Thursday’s performance was only the third appearance of the London Philharmonic Orchestra (LPO) in CAMA’s illustrious (and long) career of contracting gigs with international symphonies, and the renowned ensemble, esteemed not only for its stage artistry but for its commercially savvy film soundtracks, did not disappoint. If you are one who believes that no one knows Russian music like a native son, then this Russian-dominated program was truly an authoritative exhibition. Russian conductor Vladimir Jurowski and the LPO brought to life two grand works: Sergei Prokofiev’s Piano Concerto No.3 in C Major and Pyotr Tchaikovsky’s Symphony No. 6 in B minor. The sound was big, the effect was frequently overwhelming, and the musical language rang of authenticity. The concert also happened to be the opening kickoff of the LPO’s U.S. tour. It was a great beginning.
The appetizer for the evening was Antonín Dvořák’s “The Noonday Witch,” one of a trio of tone poems composed in 1896 based on Czech folktales. This dramatic piece of program music quite literally illustrates the tragic story line of an overwrought mother who ignorantly summons a witch when exasperated at her cranky infant, only to ultimately lose the child. A breezy and folksy opening melody quickly gives way to uncertainty and gravity, followed by an adept succession of moods and breathless scuttles. The performance convinced us of Dvořák’s mastery at capturing atmosphere and emotion with the skill of a film composer 40 years ahead of his time.
Grammy Award–winning French pianist Jean-Efflam Bavouzet, featured soloist for the Prokofiev, gave a powerfully assured performance of this demanding keyboard part, sensitively dialoguing with the orchestra and deftly inhabiting Prokofiev’s fiendish surprises and cutting wit. After a stormy ending to the first movement, the Andantino begins placidly with the promise of reprieve but minutes later explodes with the soloist racing up and down the keyboard, whipping the symphony into a fever and settling into hand-crossing gyrations. Bavouzet was wonderful, and I’m certain a few patrons previously lukewarm about Prokofiev were converted.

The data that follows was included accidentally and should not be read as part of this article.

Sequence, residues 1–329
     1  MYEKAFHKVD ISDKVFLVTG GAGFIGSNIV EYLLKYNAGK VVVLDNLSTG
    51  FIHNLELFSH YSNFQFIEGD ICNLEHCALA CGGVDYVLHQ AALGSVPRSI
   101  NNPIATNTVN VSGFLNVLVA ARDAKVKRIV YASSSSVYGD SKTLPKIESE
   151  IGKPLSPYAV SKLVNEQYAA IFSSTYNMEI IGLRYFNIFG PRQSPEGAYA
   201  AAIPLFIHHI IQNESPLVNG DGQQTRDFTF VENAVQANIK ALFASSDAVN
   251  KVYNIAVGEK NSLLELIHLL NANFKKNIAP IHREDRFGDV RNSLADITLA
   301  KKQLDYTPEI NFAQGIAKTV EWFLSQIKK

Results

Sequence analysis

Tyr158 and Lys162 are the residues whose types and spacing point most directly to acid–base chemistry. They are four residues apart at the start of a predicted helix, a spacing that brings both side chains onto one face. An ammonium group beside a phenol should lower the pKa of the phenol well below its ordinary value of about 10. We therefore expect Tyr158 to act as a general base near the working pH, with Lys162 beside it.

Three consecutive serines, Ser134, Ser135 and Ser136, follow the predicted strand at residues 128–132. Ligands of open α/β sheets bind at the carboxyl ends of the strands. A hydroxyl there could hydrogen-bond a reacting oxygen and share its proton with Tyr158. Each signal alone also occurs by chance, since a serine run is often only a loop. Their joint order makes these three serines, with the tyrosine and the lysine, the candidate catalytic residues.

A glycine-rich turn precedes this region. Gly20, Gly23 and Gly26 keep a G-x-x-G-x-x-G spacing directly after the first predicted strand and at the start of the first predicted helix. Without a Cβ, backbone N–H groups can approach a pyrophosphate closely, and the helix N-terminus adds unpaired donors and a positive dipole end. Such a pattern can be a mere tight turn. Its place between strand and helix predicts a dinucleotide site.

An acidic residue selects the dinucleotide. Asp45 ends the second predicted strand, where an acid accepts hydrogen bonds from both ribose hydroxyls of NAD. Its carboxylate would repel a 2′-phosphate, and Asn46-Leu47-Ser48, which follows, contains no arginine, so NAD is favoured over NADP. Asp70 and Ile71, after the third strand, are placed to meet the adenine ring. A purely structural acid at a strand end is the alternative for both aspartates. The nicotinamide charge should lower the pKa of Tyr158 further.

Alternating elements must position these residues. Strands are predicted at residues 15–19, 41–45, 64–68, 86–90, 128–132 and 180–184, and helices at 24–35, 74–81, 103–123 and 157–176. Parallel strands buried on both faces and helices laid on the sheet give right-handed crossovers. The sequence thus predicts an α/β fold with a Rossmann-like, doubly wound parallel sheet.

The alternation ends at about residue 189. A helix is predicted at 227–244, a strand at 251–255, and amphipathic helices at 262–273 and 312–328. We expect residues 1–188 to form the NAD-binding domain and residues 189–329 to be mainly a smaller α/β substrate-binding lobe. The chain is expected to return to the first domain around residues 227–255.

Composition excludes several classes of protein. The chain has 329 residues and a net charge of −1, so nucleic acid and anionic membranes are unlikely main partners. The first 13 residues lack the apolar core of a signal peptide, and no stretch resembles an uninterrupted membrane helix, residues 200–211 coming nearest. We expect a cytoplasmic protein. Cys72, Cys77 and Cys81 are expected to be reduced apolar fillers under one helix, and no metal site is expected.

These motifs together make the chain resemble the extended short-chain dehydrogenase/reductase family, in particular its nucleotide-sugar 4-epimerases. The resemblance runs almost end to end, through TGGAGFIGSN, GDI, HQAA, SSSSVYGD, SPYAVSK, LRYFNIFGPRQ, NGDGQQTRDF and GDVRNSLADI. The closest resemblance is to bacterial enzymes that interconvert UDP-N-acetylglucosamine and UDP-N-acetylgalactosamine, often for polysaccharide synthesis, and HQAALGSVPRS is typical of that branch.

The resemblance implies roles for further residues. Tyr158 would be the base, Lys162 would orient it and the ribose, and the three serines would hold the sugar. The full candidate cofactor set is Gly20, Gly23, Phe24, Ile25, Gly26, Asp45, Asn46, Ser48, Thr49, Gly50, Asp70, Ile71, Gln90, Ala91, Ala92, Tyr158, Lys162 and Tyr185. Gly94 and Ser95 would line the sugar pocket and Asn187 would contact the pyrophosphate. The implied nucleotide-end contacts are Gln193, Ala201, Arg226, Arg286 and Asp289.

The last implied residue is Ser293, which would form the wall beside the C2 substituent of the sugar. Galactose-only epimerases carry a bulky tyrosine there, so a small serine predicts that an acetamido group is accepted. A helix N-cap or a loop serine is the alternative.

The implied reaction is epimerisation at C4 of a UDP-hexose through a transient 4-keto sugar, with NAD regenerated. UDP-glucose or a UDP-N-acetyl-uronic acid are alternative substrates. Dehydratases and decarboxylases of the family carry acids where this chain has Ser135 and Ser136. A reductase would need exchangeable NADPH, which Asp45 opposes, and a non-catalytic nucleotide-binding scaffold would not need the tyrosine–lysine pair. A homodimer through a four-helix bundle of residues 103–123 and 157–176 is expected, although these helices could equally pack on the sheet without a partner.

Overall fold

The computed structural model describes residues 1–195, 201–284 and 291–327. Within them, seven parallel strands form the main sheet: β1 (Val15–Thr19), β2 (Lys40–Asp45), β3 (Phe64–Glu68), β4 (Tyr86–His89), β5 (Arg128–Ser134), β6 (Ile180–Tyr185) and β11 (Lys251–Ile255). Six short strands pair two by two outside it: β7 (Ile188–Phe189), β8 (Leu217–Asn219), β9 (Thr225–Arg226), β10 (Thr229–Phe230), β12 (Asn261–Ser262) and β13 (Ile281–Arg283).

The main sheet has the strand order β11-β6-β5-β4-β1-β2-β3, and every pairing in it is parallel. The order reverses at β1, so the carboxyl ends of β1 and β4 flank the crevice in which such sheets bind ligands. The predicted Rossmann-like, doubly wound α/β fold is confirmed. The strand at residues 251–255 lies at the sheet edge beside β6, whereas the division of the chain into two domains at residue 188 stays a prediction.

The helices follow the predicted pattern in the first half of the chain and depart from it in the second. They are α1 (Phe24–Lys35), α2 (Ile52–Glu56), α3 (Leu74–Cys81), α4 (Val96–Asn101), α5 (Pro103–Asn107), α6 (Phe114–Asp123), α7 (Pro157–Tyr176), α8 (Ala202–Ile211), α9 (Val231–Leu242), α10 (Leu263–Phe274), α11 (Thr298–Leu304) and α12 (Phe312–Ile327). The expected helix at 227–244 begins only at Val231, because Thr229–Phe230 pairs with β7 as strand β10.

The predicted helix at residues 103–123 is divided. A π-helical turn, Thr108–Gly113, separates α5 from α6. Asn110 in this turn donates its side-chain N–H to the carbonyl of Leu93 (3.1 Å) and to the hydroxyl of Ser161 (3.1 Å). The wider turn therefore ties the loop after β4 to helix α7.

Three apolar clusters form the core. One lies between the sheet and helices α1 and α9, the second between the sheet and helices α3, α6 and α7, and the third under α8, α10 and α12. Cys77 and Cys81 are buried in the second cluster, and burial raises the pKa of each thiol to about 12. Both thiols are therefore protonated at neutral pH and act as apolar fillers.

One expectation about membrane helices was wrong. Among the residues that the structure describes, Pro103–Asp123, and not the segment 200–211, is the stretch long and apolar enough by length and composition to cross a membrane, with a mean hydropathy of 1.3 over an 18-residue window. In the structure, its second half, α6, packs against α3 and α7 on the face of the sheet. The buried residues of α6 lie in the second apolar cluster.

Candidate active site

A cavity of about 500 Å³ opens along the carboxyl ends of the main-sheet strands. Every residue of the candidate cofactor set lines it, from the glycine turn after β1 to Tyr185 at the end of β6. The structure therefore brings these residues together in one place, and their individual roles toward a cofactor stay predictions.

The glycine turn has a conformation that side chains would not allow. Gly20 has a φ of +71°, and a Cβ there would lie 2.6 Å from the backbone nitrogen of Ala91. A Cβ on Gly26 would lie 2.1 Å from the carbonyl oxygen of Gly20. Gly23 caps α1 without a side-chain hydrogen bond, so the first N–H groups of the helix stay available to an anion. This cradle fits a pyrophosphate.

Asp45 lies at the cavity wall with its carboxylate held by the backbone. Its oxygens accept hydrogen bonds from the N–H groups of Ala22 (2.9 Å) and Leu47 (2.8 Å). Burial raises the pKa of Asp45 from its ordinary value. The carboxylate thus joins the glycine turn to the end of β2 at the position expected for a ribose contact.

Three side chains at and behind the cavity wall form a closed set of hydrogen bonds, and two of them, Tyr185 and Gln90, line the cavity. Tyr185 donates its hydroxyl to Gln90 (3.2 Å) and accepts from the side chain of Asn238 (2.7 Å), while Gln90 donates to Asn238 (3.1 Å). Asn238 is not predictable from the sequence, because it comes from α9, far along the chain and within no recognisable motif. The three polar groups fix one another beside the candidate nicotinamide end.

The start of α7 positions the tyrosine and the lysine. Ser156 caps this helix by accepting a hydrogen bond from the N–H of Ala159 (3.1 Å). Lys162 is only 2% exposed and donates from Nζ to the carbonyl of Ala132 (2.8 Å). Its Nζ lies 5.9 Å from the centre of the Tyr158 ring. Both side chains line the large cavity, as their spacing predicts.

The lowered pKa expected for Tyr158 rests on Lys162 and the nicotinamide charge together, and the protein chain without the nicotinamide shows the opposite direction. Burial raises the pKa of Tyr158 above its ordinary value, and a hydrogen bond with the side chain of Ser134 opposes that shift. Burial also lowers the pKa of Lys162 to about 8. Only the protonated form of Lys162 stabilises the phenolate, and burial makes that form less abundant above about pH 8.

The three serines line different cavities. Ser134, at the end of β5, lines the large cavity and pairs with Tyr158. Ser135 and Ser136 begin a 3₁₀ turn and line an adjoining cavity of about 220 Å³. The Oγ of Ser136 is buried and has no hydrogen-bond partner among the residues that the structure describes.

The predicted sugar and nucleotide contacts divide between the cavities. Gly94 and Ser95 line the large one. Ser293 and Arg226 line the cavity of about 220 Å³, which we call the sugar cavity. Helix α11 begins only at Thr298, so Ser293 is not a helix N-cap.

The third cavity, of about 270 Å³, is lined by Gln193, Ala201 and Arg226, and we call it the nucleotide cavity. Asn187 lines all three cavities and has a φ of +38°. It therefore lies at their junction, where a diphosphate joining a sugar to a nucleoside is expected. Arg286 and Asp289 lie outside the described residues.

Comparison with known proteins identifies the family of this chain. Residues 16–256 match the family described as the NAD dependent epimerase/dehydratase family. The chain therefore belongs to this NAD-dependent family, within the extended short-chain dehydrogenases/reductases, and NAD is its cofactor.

No. 6 is Tchaikovsky’s last symphony, “Pathétique,” is a work so important to Jurowski that the maestro chose to address the audience beforehand, explaining that the piece “expresses matters of life and death,” which deserves the respect of silence and space. His main concern was the huge ending of the third movement — which can easily be mistaken for the end of the symphony — yet the energy suddenly deflates into a grief-wrung prelude to the fourth movement. Jurowski wished to usher that transition without pause for maximum effect. Alas, despite the warning, shouts and applause erupted, and the moment was spoiled. Whether the fault was a lapse of concentration or failure to heed what could not be heard (Jurowski did not use a mic) or some combination of the two, no one will ever know. But for the future, my suggestion to CAMA — use the mic.